The AIA 2012 Convention: Does Design Connect?Posted: March 28, 2012
I hope so. It’s exhilarating to feel the intellectual ground move under your feet. It reminds you that your exquisite mind exists primarily to frame reality and find your place in it.
One of my most meaningful world-view-changing experiences was at a conference. That’s why I go to those things. That and the parties.
Many years ago, I was at a small gathering and Dr. David Suzuki was doing the keynote. It was the first chance I had to hear the man speak. After his intro background remarks and stories about his studies he hit stride. Asking us to look outside (or to imagine we could look outside given the convention hall we were sealed within) he talked first about air. When we take a deep breath, he said, air goes so deeply into our lungs it mixes with our blood in tiny alveolar sacs so that there is really no hard line between the air and our bodies. Same with the sunlight that penetrates our skin to create essential hormones and that also – through photosynthesis – feeds the plants that grow in the soil that combine to become our food. Through eating, then, we are also inseparable from sunlight and soil. And since our bodies are 72% water, we are obviously connected to aquifers and the hydrologic cycle.
His point: Our physical bodies are inseparable from the environment. There is no hard line between the two. We are quite literally connected to the world.
This is an eye-opener for some (it was for me) because our exquisite minds tell us otherwise. We have been taught to function in society under the false impressions that worldly things and systems can be considered as separable. This simplifying assumption allows us to focus, to learn a trade, to have a career, to write a cogent resume, to become an individual. I am an architect, not a scientist, not a poet.
But the idea that something like “the economy” is somehow not connected to “the environment” is a fiction. A mirage. Ditto architecture. We can reasonably deduce that the things we build, too, are inseparable from the environment. We now understand the connections between construction materials and their natural origins; between building-related waste and the earth’s finite capacity to absorb waste. We’re beginning to get that stuff right.
But think about it like this: what if buildings didn’t separate us from the “outdoors” but instead mediated between productive human uses and the ecosystem we inhabit? Sure, you can’t sleep in a brutal New England winter without a fair amount of separation, but design can begin to blur that line so that our connection with the biosphere we move around in is enhanced.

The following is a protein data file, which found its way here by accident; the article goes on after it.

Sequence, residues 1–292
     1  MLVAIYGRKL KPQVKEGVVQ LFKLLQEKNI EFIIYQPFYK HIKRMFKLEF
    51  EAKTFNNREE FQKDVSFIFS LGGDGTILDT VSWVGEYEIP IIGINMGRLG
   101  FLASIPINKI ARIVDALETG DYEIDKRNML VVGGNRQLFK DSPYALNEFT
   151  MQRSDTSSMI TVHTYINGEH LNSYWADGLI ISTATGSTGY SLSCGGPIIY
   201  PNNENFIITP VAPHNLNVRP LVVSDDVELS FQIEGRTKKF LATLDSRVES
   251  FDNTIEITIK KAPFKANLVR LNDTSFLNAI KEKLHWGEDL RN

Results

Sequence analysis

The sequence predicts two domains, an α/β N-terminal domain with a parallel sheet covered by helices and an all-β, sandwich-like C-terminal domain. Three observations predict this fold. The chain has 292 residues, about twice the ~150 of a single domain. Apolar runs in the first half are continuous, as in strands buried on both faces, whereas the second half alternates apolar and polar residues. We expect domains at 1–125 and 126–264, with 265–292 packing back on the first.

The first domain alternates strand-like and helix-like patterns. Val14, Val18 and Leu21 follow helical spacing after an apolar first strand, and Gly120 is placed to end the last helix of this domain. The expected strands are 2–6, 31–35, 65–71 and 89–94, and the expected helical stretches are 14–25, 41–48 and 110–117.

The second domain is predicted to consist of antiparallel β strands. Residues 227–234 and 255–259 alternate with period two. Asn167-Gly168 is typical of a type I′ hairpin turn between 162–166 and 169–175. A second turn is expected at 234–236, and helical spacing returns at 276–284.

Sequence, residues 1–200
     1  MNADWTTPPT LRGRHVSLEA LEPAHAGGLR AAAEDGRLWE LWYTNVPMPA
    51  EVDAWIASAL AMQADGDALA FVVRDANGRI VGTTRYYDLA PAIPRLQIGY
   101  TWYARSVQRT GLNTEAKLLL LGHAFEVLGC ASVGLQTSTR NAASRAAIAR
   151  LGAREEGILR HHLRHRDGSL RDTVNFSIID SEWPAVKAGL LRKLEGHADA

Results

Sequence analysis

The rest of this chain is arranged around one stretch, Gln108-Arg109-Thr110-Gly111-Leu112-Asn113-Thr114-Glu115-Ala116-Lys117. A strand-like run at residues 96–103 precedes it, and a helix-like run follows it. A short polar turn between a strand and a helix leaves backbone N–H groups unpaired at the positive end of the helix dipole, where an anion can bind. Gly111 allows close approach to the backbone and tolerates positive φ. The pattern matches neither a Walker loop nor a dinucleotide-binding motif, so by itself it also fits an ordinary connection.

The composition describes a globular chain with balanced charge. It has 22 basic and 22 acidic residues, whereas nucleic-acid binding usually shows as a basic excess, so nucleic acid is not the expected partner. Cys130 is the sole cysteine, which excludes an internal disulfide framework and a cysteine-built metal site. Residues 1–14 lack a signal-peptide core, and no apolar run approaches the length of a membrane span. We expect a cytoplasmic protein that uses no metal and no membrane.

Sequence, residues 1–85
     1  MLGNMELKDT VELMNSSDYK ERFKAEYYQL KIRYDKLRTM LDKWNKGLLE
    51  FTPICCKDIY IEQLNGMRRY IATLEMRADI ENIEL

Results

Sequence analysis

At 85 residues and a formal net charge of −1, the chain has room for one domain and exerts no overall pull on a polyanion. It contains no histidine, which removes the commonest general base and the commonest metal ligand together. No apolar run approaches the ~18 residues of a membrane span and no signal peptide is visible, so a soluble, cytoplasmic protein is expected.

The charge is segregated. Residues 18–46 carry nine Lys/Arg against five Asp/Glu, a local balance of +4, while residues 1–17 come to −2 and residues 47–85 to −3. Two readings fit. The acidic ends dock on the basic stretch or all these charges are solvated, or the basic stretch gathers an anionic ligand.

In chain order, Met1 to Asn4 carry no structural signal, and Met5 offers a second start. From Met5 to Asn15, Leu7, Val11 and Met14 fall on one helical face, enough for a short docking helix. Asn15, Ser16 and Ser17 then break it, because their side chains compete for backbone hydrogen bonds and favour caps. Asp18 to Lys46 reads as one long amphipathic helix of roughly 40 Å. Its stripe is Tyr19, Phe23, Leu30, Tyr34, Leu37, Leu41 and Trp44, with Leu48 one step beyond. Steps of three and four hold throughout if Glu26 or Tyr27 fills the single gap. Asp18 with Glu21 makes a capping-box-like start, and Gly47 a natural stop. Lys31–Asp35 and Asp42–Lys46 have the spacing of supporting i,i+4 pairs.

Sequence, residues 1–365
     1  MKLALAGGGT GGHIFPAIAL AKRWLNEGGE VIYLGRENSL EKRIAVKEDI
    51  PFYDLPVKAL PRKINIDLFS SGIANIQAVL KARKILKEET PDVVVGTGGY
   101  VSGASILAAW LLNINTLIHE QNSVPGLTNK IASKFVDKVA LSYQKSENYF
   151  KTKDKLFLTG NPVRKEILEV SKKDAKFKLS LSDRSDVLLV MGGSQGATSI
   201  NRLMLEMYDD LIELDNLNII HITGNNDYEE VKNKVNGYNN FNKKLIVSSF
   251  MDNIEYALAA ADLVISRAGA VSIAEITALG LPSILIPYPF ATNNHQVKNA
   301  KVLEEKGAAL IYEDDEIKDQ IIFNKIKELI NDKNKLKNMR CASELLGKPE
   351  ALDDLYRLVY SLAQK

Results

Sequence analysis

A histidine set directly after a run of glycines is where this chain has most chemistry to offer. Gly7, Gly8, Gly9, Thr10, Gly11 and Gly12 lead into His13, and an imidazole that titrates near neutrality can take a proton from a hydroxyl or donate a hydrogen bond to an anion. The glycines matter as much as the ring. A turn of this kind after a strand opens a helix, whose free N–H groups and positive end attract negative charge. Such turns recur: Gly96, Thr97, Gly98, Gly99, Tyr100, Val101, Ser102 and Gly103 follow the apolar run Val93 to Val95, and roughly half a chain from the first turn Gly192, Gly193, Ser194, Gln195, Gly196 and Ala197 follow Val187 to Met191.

And now scale it up: Our practice is also inseparable from the constraints of urban infrastructure, from the imperatives of the public realm, from human rights, and a host of other invisible forces that connect buildings within habitable systems. And those invisible forces (like finance, regulation, public policy, and et cetera) are far more powerful influencers of the built environment than anything in our contract documents.
So as architects, if we think our work stops at the property line or the exterior building wall, we are mistaken. We are working under the same aforementioned false impression that what we do is separable from the rest of the world.
So . . . does design “connect”?
Everything in the world is already connected.
What design can and should do is help people see and appreciate the matrix of connections that are all around us. Through design, we can remind people that we are all connected – physically and socially – to each other, to our shared ecosystem, and to our fabulously complex constructed environment. And as architects, we can practice conscientiously and pro-actively as mediators between those invisible forces and our clients’ needs by fully immersing ourselves in our world (some may call this immersion “civic engagement”) and by getting outside the self-imposed boundaries that we have been taught to observe.
(Note: This post was written for the AIA’s 2012 Convention Blog-Off. It was fun! Next week, back to reporting on Bergmeyer and the AIA 2030 Commitment.)